Take the 2-minute tour ×
Stack Overflow is a question and answer site for professional and enthusiast programmers. It's 100% free, no registration required.

[Simplified version of this question:]

Why do iFrames sometimes refuse to print? For example, hit print preview on these two pages:

  1. http://fiddle.jshell.net/gJDv4/1/show/
  2. http://fiddle.jshell.net/gJDv4/2/show/

On print-preview, the iFrames are visible in the first example, but hidden in the second. The ONLY code difference between first and second iFrames is a CSS property (margin: 20px;) has been added to the iFrames in the second example.

[Long (original) version:]

I am building a preview/print page that assembles a bunch of independent HTML files referencing their own style-sheets and javascript files.

The idea is that all files are displayed in iFrames for preview, and then when printed, each iFrame (which likely will span multiple pages) prints out as if it were it's own document.

However, when I print (or print-preview) the iFrames either show no content, or they only print the first page, truncating the remaining pages of the iFrame.

The iFrames printed (and print-previewed) just fine before I made them multiple pages:

What is the reason for this behavior?

share|improve this question
Hehe, I doubt there is a solution but I will +1 whoever manages to get this working properly :p And +1 for spending the rep on it to get answers while having that little yourself. :) –  sg3s Jun 13 '12 at 21:02
If there is no real answer then you surely deserve the bounty for recognizing that right away. ;) –  brentonstrine Jun 13 '12 at 21:07

1 Answer 1

up vote 2 down vote accepted

You can print the documents in the individual iframes by calling the print() function on their windows....

So something like this to print file 2:


And here a jsfiddle where I added buttons which trigger the individual prints...


As for why the browser doesn't print the content inside iframes when printing their parent document. Probably has to do something with the fact that those documents aren't actually part of the document they're shown in... Think of it like a separate window (one you may generate with window.open() in js) but then skillfully hacked into the main document with the viewport limited to whatever is specified on the iframe with some magic.

share|improve this answer
The problem with printing the iframes individually is that it opens up the possibility of someone elses print job ending up in between two of the HTML files being printed, since (I assume) they would go into the print queue as separate print jobs. The explanation about why the content doesn't show up is what I was guessing, but there is still the issue that the iFrames DO show up when they don't overflow on to a separate page! –  brentonstrine Jun 7 '12 at 21:05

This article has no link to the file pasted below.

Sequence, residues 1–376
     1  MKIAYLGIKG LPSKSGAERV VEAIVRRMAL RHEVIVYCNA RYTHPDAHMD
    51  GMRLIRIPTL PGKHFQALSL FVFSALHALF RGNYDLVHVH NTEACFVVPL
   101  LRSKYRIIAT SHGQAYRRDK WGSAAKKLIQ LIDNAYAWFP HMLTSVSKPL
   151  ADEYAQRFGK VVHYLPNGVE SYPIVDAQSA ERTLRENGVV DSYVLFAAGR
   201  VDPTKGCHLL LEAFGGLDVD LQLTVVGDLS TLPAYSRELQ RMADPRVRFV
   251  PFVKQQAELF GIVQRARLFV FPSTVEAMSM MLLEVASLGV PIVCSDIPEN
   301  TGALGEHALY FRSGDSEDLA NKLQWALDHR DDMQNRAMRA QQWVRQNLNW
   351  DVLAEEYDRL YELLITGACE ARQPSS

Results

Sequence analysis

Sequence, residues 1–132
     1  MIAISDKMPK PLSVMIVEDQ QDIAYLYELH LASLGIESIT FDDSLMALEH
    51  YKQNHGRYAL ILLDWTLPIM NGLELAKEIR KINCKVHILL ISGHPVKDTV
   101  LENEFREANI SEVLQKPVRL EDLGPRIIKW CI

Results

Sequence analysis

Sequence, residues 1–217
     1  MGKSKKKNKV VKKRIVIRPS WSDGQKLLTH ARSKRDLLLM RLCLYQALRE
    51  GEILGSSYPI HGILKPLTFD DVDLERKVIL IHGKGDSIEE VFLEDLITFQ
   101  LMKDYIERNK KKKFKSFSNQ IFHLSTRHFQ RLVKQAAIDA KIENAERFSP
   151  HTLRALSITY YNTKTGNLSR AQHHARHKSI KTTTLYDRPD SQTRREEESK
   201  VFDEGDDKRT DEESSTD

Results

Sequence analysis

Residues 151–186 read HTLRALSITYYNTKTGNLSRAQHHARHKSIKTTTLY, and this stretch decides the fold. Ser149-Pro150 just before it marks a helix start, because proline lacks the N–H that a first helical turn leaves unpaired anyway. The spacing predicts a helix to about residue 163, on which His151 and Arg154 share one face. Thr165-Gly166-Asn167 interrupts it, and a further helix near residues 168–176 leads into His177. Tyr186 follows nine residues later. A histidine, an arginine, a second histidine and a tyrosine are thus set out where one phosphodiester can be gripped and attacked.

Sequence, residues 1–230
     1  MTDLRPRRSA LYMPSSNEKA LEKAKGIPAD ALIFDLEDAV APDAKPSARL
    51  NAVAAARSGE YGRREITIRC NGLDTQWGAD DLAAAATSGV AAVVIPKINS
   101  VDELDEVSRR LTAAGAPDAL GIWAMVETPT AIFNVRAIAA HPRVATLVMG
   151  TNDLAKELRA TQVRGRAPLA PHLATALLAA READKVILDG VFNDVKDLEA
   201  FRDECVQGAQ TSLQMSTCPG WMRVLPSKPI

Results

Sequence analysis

If you want to keep your print jobs together you are probably much better off putting the two documents together, taking some extra care to separate the styles using classes... And yes that behavior IS weird, but if you think about it it's amazing they show at all... It probably tries to render it as normal html but since there are limitations to frames the content bugs out. I can't reproduce that in Chrome by the way, so if you're trying to get this to work cross browser you may as well stop now :p –  sg3s Jun 7 '12 at 21:29
For bringing the two documents together with different stylesheets. This might be a little work intensive but would probably work; Take the two documents, put the html in seperate 'root' nodes which identify the different documents. Get the stylesheets for the documents, and assemble them in a css pre-compiler within a nested structure (like LESS) let the pre-compiler make the stylesheet, with the nodes inside a nested set that applies the styles in that stylesheet only to the relevant document. Include generated stylesheet. Win. –  sg3s Jun 7 '12 at 21:33
I am not opposed to working a solution like what you described, but before I go ahead with all of that, I'd like to be sure that there's no way to do it with iFrames, because the iFrame solution is significantly simpler than what you are suggesting. Why is it "amazing that they show at all"? It was my understanding that this is the whole purpose of iFrames, to embed other HTML documents inside a parent. My expectation is that if it's no problem to display it on a screen, it should be no problem to print it. –  brentonstrine Jun 7 '12 at 23:44
It may be seem simple but frames are notoriously unreliable, and inflexible. The purpose of iframes is to embed content into another page, however it has been known for some time that iframes are actually a really hard solution to implement in a browser. Normal html view and print view are not the same, you need to separate the different pages etc, doing that with an in-window rendered object is really hard... It is not like a screenshot is made and that the screenshot of the page is sent to the printer. –  sg3s Jun 8 '12 at 6:12

Your Answer


By posting your answer, you agree to the privacy policy and terms of service.

Not the answer you're looking for? Browse other questions tagged or ask your own question.